The Canadian mortgage market will likely become a significantly different space – especially in terms of defaults – once the COVID-19 pandemic passes, according to the Bank of Canada.
Mikael Khan, director of financial stability at the BoC, said that the magnitude of the coronavirus financial crisis can be likened to that seen during the previous decade’s financial downturn.
The prolonged recession after the 2008-09 crisis was brought about by “an underlying fragility in the global financial system,” Khan told The Canadian Press. “One thing that’s always very important when you’re facing a large negative shock is the initial conditions.”
To compare, the years leading up to the coronavirus outbreak were characterized by sustained growth in demand and activity in Canadian markets, particularly in the housing and mortgage segments.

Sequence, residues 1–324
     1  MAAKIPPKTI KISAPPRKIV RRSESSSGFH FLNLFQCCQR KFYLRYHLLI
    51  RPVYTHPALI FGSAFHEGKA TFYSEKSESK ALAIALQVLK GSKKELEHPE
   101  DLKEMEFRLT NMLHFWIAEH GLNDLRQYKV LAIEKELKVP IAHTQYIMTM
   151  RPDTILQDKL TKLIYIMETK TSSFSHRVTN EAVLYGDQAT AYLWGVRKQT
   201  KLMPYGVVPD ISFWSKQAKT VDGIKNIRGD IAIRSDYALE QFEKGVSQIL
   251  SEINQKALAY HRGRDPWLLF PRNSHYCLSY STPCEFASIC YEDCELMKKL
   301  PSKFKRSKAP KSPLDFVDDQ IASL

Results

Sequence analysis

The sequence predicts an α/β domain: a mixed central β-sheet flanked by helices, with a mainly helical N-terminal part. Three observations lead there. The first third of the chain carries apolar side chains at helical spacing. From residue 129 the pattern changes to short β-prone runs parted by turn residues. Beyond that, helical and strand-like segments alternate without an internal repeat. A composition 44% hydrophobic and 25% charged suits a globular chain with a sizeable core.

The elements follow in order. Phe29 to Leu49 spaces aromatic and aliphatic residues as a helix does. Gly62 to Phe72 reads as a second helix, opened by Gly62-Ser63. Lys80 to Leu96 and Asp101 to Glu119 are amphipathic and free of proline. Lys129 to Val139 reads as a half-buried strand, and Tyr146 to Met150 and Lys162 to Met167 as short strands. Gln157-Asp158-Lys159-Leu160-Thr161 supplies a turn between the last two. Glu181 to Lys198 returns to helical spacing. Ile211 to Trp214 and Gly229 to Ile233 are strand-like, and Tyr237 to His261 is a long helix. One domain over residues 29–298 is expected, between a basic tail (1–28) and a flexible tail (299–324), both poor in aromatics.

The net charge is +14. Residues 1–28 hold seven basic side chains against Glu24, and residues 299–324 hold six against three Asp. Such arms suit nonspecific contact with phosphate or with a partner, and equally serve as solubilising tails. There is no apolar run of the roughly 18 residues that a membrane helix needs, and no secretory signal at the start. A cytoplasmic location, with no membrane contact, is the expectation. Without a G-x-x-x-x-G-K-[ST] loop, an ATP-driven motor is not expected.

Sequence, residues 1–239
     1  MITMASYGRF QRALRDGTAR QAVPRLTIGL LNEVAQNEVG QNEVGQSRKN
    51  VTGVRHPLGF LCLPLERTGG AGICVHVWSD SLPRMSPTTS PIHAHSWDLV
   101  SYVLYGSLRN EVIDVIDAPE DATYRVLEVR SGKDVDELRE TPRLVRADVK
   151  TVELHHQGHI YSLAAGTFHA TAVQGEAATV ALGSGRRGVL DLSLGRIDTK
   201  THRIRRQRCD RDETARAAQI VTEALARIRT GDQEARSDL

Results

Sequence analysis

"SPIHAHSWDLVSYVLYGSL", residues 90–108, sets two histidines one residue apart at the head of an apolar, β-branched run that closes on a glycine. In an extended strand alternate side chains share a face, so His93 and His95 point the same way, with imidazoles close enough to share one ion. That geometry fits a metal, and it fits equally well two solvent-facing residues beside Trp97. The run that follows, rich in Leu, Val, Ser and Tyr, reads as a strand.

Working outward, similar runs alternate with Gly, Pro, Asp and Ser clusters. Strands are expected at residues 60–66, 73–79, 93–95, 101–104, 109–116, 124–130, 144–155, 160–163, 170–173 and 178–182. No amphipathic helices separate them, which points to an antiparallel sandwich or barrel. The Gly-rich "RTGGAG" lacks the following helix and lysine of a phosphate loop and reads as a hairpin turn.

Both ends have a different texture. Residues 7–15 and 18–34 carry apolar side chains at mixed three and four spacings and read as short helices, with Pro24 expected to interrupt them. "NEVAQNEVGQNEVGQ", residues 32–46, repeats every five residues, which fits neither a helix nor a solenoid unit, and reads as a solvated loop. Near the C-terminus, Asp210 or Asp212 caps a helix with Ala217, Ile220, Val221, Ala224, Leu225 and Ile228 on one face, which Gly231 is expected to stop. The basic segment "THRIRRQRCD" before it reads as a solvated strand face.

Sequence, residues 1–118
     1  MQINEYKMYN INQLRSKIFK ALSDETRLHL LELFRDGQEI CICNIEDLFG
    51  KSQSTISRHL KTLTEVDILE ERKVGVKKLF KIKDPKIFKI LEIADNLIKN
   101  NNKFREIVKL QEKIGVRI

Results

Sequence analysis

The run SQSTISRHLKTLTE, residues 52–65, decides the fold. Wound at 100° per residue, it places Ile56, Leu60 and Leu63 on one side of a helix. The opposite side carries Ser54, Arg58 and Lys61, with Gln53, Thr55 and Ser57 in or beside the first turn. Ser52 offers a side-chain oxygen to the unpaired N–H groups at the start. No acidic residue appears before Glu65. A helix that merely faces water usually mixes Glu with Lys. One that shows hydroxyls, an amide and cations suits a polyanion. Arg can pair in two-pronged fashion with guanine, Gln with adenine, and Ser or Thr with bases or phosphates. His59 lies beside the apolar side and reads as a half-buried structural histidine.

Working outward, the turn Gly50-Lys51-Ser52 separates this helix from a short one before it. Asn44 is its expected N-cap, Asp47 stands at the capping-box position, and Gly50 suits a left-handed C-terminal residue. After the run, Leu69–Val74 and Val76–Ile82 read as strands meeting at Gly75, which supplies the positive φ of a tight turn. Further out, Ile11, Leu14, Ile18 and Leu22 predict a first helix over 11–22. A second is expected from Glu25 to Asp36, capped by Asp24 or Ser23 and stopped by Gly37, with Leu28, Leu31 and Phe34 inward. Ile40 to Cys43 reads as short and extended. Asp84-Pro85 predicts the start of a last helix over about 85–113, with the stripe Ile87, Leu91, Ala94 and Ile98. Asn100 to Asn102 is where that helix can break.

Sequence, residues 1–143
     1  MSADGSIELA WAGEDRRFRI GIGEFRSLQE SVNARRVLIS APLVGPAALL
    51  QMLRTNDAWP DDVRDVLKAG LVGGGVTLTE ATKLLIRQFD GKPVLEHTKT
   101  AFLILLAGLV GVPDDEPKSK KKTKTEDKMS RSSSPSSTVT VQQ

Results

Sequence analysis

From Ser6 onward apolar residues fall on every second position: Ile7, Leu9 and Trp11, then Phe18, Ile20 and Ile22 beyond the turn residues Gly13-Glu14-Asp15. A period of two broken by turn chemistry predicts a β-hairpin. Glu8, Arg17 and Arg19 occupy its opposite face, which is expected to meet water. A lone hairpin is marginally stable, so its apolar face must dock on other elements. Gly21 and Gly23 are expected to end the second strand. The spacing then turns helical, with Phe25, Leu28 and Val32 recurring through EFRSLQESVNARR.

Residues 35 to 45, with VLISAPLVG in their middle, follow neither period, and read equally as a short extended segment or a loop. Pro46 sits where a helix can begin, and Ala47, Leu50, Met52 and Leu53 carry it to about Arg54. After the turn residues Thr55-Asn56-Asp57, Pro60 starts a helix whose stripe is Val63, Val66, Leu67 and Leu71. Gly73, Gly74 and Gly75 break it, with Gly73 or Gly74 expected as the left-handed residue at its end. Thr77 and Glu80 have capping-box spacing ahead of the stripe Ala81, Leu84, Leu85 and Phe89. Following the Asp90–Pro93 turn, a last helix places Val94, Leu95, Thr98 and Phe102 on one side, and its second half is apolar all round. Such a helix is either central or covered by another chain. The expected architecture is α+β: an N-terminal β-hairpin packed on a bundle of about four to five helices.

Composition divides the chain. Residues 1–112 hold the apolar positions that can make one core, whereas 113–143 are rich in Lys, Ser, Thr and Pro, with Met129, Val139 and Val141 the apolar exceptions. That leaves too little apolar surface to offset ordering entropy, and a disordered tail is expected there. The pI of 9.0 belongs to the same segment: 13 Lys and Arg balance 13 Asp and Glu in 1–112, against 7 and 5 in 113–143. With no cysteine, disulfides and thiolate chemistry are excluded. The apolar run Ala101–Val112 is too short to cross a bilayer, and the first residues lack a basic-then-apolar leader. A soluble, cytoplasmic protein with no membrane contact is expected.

Khan said that programs such as federal financial aid and mortgage payment postponements will also give Canadians some much-needed leeway for recovery, and might even give them a head start once the current crisis subsides.
In a recent report, Capital Economics made a more sobering prediction: Mounting household and business debt will delay the recovery of the Canadian economy by as much as 10 years.
“High private-sector (business and consumer) debt is likely to hold back productivity growth in the coming decade relative to that in the US,” said Stephen Brown, senior Canada economist at Capital Economics.
Capital Economics projected that year-end GDP might end up 6.3% weaker than pre-pandemic levels.
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